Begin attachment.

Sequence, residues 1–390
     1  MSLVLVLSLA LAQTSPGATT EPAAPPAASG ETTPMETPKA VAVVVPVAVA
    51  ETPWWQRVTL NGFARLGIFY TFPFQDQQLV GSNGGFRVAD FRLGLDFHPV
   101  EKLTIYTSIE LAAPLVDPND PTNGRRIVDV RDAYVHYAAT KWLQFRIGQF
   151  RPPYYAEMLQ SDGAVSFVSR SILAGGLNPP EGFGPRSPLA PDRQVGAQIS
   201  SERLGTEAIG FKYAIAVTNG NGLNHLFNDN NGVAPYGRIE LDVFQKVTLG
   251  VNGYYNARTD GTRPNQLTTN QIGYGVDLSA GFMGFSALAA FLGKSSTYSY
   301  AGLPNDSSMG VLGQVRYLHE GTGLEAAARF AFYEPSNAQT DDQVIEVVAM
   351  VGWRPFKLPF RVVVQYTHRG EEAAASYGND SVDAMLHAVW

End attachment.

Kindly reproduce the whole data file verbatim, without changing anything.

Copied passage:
Sequence, residues 1–390
     1  MSLVLVLSLA LAQTSPGATT EPAAPPAASG ETTPMETPKA VAVVVPVAVA
    51  ETPWWQRVTL NGFARLGIFY TFPFQDQQLV GSNGGFRVAD FRLGLDFHPV
   101  EKLTIYTSIE LAAPLVDPND PTNGRRIVDV RDAYVHYAAT KWLQFRIGQF
   151  RPPYYAEMLQ SDGAVSFVSR SILAGGLNPP EGFGPRSPLA PDRQVGAQIS
   201  SERLGTEAIG FKYAIAVTNG NGLNHLFNDN NGVAPYGRIE LDVFQKVTLG
   251  VNGYYNARTD GTRPNQLTTN QIGYGVDLSA GFMGFSALAA FLGKSSTYSY
   301  AGLPNDSSMG VLGQVRYLHE GTGLEAAARF AFYEPSNAQT DDQVIEVVAM
   351  VGWRPFKLPF RVVVQYTHRG EEAAASYGND SVDAMLHAVW